Were the cost estimates for Waxman-Markey overstated by 200-300%?

Jesse and I both come from the Sustainable Development PhD Program at Columbia, which has once again turned out a remarkable crop of job market candidates (see outcomes from 2012 and 2011). We both agreed that their job market papers were so innovative, diverse, rigorous and important that we wanted to feature them at FE.  Their results are striking and deserve dissemination (we would probably post them anyway even if the authors weren't on the market), but they also clearly illustrate what the what the Columbia program is all about. (Apply to it here, hire one of these candidates here.) This is the first post.

Good policy requires good cost-benefit analysis. But when we are developing innovative policies, like those used to curb greenhouse gas emissions, it's notoriously difficult to estimate both costs and benefits since no analogous policies have ever been implemented before.  The uncertainty associated with costs and benefits tends to make many forms of environmental policy difficult to implement in part because the imagined costs (when policy-makers are considering a policy) tend to exceed actual costs (what we observe after policies are actually implemented). Kyle Meng develops an innovative approach, linking Intrade predictions about the success of Waxman-Markey with stock-market returns and abrupt political events, to measure the cost of the bill to firms as predicted by the market. This is very different from standard technocratic approaches used by the government to assess the cost of future policies, which rely on parameterized models of technology and econometric models of behavior ("structural models").

By relying on the market, Meng infers what players in affected industries actually expect to happen in their own industry. The result is a bit surprising: Meng estimates that standard costs-estimates for WM (produced before it failed to pass) are 200-300% larger than what players in the industry actually expected it to cost them.  But this still didn't stop industry players from fighting the bill -- one of the ways that Meng validates his approach is to use lobby records to show that firms which expect to suffer more from the bill (as recovered using his approach) spend more money to fight it.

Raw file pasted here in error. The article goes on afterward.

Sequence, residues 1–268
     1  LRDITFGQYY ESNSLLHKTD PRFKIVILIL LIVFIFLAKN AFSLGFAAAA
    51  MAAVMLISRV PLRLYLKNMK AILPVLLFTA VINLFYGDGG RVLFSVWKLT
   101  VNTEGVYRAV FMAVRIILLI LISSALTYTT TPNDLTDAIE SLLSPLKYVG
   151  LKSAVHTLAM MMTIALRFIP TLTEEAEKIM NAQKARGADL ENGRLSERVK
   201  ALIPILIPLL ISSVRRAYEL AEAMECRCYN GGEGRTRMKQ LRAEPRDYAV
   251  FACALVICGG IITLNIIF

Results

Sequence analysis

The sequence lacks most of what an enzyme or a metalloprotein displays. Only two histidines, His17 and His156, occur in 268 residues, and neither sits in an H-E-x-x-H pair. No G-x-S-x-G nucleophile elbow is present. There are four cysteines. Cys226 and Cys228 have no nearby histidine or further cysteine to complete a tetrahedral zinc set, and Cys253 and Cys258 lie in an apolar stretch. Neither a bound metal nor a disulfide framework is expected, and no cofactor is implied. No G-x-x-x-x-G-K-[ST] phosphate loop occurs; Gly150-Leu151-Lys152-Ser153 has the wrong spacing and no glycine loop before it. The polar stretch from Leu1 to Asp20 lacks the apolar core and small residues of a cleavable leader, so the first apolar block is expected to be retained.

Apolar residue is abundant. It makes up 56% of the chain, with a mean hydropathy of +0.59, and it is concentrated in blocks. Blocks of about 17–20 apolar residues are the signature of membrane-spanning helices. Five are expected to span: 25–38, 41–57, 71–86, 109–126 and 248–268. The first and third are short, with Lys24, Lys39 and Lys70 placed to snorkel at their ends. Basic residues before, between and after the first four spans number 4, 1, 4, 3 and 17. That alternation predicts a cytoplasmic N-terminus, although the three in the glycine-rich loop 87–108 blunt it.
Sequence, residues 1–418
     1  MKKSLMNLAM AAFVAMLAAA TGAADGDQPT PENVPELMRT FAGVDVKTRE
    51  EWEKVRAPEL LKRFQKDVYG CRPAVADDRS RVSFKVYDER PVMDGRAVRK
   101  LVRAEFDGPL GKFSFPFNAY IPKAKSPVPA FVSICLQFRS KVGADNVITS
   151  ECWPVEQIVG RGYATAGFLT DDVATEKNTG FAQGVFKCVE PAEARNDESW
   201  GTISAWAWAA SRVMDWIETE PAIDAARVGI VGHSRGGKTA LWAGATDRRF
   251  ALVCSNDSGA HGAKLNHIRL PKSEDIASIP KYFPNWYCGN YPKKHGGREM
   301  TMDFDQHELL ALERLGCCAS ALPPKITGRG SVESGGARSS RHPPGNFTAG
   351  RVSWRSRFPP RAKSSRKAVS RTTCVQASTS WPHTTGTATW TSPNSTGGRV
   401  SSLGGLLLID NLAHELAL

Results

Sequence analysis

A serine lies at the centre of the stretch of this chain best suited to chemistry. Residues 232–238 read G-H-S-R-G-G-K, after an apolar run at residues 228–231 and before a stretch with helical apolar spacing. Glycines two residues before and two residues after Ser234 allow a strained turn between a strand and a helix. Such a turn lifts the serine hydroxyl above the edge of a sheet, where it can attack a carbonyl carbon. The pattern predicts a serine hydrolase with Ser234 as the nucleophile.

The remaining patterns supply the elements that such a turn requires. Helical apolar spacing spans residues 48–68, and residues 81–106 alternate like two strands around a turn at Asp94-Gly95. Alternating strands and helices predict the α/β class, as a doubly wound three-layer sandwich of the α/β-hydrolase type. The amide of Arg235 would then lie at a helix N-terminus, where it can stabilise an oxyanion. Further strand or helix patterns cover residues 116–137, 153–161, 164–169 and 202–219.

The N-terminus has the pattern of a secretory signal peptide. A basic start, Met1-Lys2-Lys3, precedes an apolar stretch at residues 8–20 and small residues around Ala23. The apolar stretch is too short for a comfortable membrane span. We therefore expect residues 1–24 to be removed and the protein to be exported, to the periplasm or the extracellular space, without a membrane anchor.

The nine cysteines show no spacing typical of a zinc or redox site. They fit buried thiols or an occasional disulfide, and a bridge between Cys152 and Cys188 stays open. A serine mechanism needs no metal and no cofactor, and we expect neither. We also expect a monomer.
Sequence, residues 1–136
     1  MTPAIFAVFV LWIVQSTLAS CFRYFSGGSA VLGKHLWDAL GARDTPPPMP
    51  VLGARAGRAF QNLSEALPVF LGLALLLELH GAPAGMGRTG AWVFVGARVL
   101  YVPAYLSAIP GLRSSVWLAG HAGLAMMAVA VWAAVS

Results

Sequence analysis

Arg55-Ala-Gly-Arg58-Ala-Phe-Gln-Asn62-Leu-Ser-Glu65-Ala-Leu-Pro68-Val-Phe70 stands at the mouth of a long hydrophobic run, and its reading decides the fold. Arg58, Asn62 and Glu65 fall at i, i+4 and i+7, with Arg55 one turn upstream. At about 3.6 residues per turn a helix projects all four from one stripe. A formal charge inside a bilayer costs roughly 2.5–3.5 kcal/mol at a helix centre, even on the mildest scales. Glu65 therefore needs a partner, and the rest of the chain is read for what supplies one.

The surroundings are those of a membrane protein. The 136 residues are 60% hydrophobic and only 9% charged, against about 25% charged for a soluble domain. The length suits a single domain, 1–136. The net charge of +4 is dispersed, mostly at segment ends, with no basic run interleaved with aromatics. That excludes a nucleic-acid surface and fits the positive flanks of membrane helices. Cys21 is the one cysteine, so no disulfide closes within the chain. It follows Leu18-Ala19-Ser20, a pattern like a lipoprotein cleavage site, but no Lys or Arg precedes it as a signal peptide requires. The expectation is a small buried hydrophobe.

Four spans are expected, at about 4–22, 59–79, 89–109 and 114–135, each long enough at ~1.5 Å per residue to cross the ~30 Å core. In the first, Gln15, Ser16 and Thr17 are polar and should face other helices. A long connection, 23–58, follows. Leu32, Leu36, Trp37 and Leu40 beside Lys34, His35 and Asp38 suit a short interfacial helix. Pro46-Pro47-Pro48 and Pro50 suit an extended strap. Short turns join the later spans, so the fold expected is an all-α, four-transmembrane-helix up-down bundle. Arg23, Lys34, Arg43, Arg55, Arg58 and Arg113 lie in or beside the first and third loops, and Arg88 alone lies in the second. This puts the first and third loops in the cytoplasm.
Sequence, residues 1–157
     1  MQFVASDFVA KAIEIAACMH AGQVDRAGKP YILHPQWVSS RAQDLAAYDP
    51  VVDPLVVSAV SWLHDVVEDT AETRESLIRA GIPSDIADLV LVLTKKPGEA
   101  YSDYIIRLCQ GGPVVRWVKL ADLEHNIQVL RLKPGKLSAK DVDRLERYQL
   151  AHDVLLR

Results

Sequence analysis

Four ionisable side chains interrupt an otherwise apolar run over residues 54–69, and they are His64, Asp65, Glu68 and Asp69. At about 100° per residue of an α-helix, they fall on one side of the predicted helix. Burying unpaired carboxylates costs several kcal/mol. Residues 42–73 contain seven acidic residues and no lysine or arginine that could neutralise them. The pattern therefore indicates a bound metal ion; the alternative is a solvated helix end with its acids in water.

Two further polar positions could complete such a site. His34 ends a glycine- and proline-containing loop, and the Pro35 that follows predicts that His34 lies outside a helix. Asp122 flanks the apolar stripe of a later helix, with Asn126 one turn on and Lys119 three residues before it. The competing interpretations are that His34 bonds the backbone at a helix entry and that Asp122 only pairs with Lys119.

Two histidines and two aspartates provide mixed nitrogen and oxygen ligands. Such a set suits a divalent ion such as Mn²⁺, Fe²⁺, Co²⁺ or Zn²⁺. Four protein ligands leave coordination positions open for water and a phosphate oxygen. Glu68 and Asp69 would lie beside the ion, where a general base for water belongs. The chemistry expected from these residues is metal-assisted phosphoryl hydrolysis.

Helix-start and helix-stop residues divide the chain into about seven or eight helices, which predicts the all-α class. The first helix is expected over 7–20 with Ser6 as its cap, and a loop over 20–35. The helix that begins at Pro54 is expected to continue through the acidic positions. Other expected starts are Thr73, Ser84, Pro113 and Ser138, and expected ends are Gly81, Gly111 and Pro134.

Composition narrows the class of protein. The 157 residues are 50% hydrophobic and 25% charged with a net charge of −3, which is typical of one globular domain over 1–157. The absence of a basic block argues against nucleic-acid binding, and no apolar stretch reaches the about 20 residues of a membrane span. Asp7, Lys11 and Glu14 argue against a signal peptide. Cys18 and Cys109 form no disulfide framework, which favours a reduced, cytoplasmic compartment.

It's tough to tell whether Meng's approach or the structural models are more accurate predictors of firm-level costs since WM was never brought into law, so the outcomes will remain forever unobserved. But he does show that for several similar laws (eg. the Montreal Protocol), the structural predictions tended to overestimate the actual costs of implementation (which were observed after the law was implemented and outcomes observed) by roughly a factor of two. This doesn't prove that Meng's approach is more accurate, but it shows that his estimate for the bias of the structural approach (with regard to WM) is consistant with the historical biases of these models.

The paper:

The Cost of Potential Cap-and-Trade Policy: An Event Study using Prediction Markets and Lobbying Records
Kyle Meng
Abstract: Efforts to understand the cost of climate policy have been constrained by the limited number of policies available for evaluation. This paper develops an empirical method for forecasting the expected cost to firms of a proposed climate policy that was never realized. I combine prediction market prices, which reflect market beliefs over regulatory prospects, with stock returns in order to estimate the expected cost to firms of the Waxman-Markey cap-and-trade bill, had it been implemented. I find that Waxman-Markey would have reduced the market value of a listed firm by an average of 2.0%, resulting in a total cost of $165 billion for all listed firms. The strongest effects are found in sectors with greater carbon and energy intensity, import penetration, and exposure to U.S. product markets, and in sectors granted free allowances. Because the values of unlisted firms are not observed, I use firm-level lobbying expenditures within a partial identification framework to obtain bounds for the costs borne by unlisted firms. This procedure recovers a total cost to all firms between $110 and $260 billion. I conclude by comparing estimates from this method with Waxman-Markey forecasts by prevailing computable general equilibrium models of climate policy.
In figures...

Abrupt political events that affect the expected success of WM are quantified by looking at expectations in Intrade markets:

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When WM appears more likely, the stock prices of CO2 intensive firms falls on average:

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Firms that are more CO2 intensive are affected more strongly:

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Firms whose stock prices are more responsive to WM lobby harder against it:

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How these cost estimates compare with structural cost estimates, and similar statistics for historical regulations that actually passed into law.

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Take home summary: Cap and trade in the USA probably would have been cheaper to implement than we thought, according to the firms it was going to regulate. 

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